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It’s therapeutic to break away from real-world stressors and spend time with cute animals who just want to bake cakes, shake maracas, and perform concerts for their pet butterflies, but considering the game requires absolutely no skill, sets a low ceiling for customizing your stuff, and offers little interaction with other real players, you probably won’t be staying at your make-believe campsite for very long.

Atmosphere and Immersion

(Nintendo)

Score: 8/10

Pocket Camp is a pretty beautiful game for an app. The animation is even better than its full console predecessors, and the gradient shifts between day and night give the world a sense of continuity with our own. Its soundtrack is nostalgically similar to previous games, with simple wind, string, and piano sounds that let you settle into the pleasant mood of Pocket Camp’s charming environment.

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The immersion falls off when you realize just how small the world of Pocket Camp actually is—and not just physically small. It only takes a matter of days to realize that there are very few atmospheric unlockables; there are only so many fish in the sea, bugs in the trees, and resources to collect. When you realize that you’re grinding through the same tasks day-in and day-out for nothing more than a bunch of pixelated furniture to impress your programmed animal friends, it’s hard to avoid the question, “What am I doing with my life?”

Characters and Plot

(Nintendo)

Score: 7/10

Animal Crossing’s plot has never been a linear story, but rather a choose-your-own-adventure game in which you design your home, your clothes, and your friend circle. Pocket Camp is basically a watered-down version of that, offering much more limited customizations that makes it feel like you’re unlocking someone else’s world rather than your own.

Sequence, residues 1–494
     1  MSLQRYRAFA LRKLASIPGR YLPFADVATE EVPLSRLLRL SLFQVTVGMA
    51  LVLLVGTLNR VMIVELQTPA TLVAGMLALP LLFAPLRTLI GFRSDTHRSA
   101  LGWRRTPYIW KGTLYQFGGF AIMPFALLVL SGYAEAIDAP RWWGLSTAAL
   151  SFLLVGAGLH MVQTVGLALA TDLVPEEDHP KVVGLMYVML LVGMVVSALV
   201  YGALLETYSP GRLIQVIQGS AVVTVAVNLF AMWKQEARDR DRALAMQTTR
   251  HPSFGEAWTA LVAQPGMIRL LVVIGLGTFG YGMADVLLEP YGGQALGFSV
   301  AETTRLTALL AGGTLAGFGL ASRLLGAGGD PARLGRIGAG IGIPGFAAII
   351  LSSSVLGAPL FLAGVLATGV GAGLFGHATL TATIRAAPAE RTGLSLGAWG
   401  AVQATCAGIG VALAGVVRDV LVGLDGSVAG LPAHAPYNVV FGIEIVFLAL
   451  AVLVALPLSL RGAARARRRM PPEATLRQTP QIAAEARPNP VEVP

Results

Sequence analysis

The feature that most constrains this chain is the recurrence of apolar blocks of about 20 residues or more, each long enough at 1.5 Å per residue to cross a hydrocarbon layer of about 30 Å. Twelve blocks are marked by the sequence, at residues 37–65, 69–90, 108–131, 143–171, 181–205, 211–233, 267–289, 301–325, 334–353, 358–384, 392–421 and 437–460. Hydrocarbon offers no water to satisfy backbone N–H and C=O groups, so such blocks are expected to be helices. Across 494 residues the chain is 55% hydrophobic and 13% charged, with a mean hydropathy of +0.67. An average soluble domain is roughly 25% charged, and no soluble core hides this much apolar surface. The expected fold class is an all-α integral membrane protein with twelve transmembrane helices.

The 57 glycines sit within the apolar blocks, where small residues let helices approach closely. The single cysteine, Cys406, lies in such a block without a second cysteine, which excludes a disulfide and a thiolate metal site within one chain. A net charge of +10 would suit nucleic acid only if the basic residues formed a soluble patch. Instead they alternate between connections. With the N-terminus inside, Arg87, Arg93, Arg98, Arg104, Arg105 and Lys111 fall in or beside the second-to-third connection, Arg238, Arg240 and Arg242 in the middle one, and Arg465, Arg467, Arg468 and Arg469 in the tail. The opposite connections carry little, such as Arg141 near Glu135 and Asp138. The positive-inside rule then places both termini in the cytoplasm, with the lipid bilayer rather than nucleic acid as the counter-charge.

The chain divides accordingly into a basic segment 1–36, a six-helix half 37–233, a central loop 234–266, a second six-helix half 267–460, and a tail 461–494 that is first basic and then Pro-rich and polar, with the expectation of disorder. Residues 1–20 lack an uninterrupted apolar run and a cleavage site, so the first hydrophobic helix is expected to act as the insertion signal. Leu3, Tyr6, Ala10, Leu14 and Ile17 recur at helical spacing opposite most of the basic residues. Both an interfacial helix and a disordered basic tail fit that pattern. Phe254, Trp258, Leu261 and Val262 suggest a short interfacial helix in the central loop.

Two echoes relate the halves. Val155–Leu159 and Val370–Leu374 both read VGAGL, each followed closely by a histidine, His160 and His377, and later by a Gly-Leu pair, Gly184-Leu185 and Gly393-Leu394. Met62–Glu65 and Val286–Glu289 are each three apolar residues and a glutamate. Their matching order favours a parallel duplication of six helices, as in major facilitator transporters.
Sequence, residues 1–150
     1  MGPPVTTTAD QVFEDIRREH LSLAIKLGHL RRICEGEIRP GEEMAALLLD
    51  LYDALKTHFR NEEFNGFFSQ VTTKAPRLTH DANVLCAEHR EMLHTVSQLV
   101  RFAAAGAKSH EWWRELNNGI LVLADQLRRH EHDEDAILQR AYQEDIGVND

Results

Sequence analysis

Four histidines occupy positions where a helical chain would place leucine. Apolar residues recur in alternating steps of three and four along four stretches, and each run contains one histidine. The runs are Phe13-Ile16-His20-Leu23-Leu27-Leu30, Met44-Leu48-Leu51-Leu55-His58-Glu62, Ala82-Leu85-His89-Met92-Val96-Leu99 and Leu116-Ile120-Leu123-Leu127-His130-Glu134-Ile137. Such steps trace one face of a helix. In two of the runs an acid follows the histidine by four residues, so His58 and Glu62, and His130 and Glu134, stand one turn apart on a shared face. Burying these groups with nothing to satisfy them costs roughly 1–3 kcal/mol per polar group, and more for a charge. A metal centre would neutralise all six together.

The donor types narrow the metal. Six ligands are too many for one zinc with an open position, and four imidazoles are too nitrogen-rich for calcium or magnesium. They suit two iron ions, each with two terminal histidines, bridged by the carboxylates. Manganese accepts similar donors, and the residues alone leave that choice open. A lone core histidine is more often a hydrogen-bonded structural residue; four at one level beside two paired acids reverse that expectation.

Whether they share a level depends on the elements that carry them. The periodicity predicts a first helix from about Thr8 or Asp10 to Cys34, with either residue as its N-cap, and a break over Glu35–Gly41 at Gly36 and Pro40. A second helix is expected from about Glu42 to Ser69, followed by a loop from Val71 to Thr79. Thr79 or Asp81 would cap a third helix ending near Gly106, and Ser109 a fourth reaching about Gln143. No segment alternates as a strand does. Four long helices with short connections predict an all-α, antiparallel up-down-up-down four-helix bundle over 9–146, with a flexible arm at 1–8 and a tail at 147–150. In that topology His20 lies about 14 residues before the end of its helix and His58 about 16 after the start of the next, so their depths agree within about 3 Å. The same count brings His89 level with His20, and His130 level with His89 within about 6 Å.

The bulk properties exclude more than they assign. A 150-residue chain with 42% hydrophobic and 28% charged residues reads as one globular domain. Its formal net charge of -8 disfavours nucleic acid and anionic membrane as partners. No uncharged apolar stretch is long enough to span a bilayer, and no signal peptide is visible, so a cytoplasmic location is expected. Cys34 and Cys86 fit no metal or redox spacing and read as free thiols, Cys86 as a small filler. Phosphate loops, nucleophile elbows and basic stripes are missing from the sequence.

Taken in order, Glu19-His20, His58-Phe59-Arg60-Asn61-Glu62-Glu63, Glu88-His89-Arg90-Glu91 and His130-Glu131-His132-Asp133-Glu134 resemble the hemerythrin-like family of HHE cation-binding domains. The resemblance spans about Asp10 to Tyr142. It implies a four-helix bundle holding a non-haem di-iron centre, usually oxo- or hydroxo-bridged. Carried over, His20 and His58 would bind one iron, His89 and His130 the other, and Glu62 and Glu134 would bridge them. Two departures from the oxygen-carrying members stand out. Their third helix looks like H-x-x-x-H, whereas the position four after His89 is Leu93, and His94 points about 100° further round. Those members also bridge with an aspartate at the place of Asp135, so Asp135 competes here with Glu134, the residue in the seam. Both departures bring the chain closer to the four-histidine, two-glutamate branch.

The animal characters are recycled from previous games, which gives this iteration even more nostalgia points. However, they feel lobotomized and flat, even compared to those of the 2001 original, as all dialogue can be boiled down to non-responsive, random stock sentences. You’ll yearn for the days of dynamic human-animal relationships once embedded in Animal Crossing’s essence—when you could ruin someone’s day by hitting them with a bug net, or make their day by sending a love letter.

In summary, Animal Crossing: Pocket Camp is a delightful game to start and a miserable game to finish. The cute, innocent vibes that beam from Pocket Camp and its incorruptible characters can deliver your imagination to a positive place full of flowers, butterflies, and puppies that sing. But when the highlight of your day becomes buying fake clogs for your fake avatar in a fake world that’s small enough to give you existential cramps, you’ll likely decide that you’ve juiced all the enjoyment out of this micro-simulator. When that time comes and you’re looking for a game that challenges creativity without insulting skill, take a peek at this list of more stimulating simulators.